Using L'Hopital, $$\lim_{x\rightarrow 1} \frac{x^{1/2}-1}{x^{1/3}{-1}} = \lim_{x\rightarrow 1} \frac{\frac{1}{2\sqrt{x}}}{\frac{1}{3x^{2/3}}} = \frac{3}{2}$$

share|cite|improve this answer

The limit is solved as follows:

$$\lim_{x \to 1} \frac{\sqrt x - 1}{ \sqrt[3] x - 1} $$ $$=\lim_{x \to 1} \frac{\frac{\sqrt x - 1}{x-1}}{ \frac{\sqrt[3] x - 1}{x-1}} $$ $$=\frac{\lim_{x \to 1} \frac{\sqrt x - 1}{x-1}}{ \lim_{x \to 1} \frac {\sqrt[3] x - 1}{x-1}} $$ $$=\frac{\frac{1}{2}\cdot 1^{-\frac{1}{2}}}{\frac{1}{3}\cdot 1^{-\frac{2}{3}}} $$ $$=\frac{3}{2}$$

using the common limit formula : $$\lim_{x\to a}\frac{x^n-a^n}{x-a}=na^{n-1}$$

share|cite|improve this answer

Notice, $$\lim_{x\to 1}\frac{\sqrt{x}-1}{\sqrt[3]{x}-1}$$ $$=\lim_{x\to 1}\frac{(\sqrt{x}-1)(\sqrt{x}+1)}{(\sqrt[3]{x}-1)(x^{2/3}+1+\sqrt [3]x)}\cdot \frac{(x^{2/3}+1+\sqrt [3]x)}{(\sqrt x+1)}$$ $$=\lim_{x\to 1}\frac{(x-1)}{(x-1)}\cdot \frac{(x^{2/3}+1+\sqrt[3] x)}{(\sqrt x+1)}$$ $$=\lim_{x\to 1}\frac{(x^{2/3}+1+\sqrt[3] x)}{(\sqrt x+1)}$$ $$=\frac{1+1+1}{1+1}=\color{red}{\frac 32}$$

share|cite|improve this answer

As lcm$(2,3)=6$

let $\sqrt[6]x=y\implies\sqrt[3]x=y^2, \sqrt x=y^3$

$$\lim_{x\to1}\dfrac{\sqrt x-1}{\sqrt[3]x-1}=\lim_{y\to1}\dfrac{y^3-1}{y^2-1}=\lim_{y\to1}\dfrac{(y-1)(y^2+y+1)}{(y-1)(y+1)}$$

Safely cancel out $y-1$ as $y\to1, y-1\to0\implies y-1\ne0$

OR

set $\sqrt[6]x=y+1$ to get $$\lim_{x\to1}\dfrac{\sqrt x-1}{\sqrt[3]x-1}=\lim_{y\to0}\dfrac{(1+y)^3-1}{(1+y)^2-1}=\lim_{y\to0}\dfrac{3y+3y^2+y^3}{2y+y^2}=\cdots$$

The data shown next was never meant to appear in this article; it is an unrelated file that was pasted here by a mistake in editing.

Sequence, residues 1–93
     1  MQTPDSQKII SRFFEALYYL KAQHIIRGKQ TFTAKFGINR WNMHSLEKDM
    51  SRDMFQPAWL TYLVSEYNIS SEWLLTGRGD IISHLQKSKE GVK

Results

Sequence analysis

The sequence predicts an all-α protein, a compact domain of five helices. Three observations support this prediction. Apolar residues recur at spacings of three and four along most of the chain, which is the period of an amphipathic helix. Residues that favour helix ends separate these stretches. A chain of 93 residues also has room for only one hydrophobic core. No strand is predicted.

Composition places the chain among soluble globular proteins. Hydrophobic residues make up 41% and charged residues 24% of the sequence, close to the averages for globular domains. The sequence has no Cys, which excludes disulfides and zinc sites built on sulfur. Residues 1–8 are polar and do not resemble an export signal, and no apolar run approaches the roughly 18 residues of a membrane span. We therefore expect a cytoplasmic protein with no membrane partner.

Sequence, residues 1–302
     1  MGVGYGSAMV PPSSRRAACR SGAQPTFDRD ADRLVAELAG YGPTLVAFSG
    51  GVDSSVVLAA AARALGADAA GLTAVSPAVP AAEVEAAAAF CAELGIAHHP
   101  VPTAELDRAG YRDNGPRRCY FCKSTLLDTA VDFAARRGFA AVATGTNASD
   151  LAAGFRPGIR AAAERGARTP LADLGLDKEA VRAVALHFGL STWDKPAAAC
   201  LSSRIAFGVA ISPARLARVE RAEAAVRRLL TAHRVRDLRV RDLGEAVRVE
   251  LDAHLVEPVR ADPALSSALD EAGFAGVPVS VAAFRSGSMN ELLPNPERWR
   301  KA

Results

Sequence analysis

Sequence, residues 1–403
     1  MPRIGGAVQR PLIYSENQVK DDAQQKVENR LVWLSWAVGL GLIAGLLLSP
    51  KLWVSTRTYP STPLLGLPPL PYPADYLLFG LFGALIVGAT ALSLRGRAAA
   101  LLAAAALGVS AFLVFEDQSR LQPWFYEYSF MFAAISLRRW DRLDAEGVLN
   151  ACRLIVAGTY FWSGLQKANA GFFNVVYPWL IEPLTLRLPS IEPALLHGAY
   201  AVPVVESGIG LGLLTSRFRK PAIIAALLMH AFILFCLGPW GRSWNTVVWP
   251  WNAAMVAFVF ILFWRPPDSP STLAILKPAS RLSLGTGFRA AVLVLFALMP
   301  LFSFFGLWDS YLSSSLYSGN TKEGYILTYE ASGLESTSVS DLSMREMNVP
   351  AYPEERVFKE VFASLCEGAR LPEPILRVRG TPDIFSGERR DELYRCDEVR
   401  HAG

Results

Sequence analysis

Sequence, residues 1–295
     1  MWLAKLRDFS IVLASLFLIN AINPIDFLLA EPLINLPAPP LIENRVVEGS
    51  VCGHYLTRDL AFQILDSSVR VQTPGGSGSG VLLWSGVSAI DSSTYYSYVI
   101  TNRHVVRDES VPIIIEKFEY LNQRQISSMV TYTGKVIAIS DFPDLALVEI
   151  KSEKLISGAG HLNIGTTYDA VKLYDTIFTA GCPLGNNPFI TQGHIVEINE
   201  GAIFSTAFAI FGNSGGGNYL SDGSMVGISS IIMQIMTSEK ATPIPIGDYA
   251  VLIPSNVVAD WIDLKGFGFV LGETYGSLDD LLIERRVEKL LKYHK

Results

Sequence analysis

share|cite|improve this answer

Another way : change variable $x=1+y$; so $$A=\frac{\sqrt x - 1}{ \sqrt[3] x - 1}=\frac{\sqrt{1+y} - 1}{ \sqrt[3] {1+y} - 1}$$ Now, using the fact that, close to $y=0$ (using the generalized binomial theorem as lulu commented) $$(1+y)^a=1+a y+\frac{1}{2}a \left(a-1\right) y^2+O\left(y^3\right)$$ which makes $$A=\frac{1+\frac{y}{2}-\frac{y^2}{8}+O\left(y^3\right)-1}{1+\frac{y}{3}-\frac{y^2}{9}+O\left(y^3\right)-1}\approx \frac{\frac{y}{2}-\frac{y^2}{8}}{\frac{y}{3}-\frac{y^2}{9}}=\frac{\frac{1}{2}-\frac{y}{8}}{\frac{1}{3}-\frac{y}{9}}$$ Now make $y\to0$ to get the result.

You can even get more if you know long division. Omitting the high order terms, the last expression is $\sim\frac{3}{2}+\frac{y}{8}$ which reveals not only the limit but also how it is approached.

share|cite|improve this answer
    
Good manipulation. But I have seen a lot of limit of the expression problems but I did not understand what &O(y^3)& means and how is it eliminated from the numerator and the denominator. – Vinay5forPrime Jan 24 at 16:01
    
This is the Big O notation. Don't worry, you will learn it very soon. It describes the limiting behavior of a function when the argument tends towards a particular value. My answer was just to show another approach (you will also learn it soon). Cheers. – Claude Leibovici Jan 24 at 16:12

Your Answer

 
discard

By posting your answer, you agree to the privacy policy and terms of service.

Not the answer you're looking for? Browse other questions tagged or ask your own question.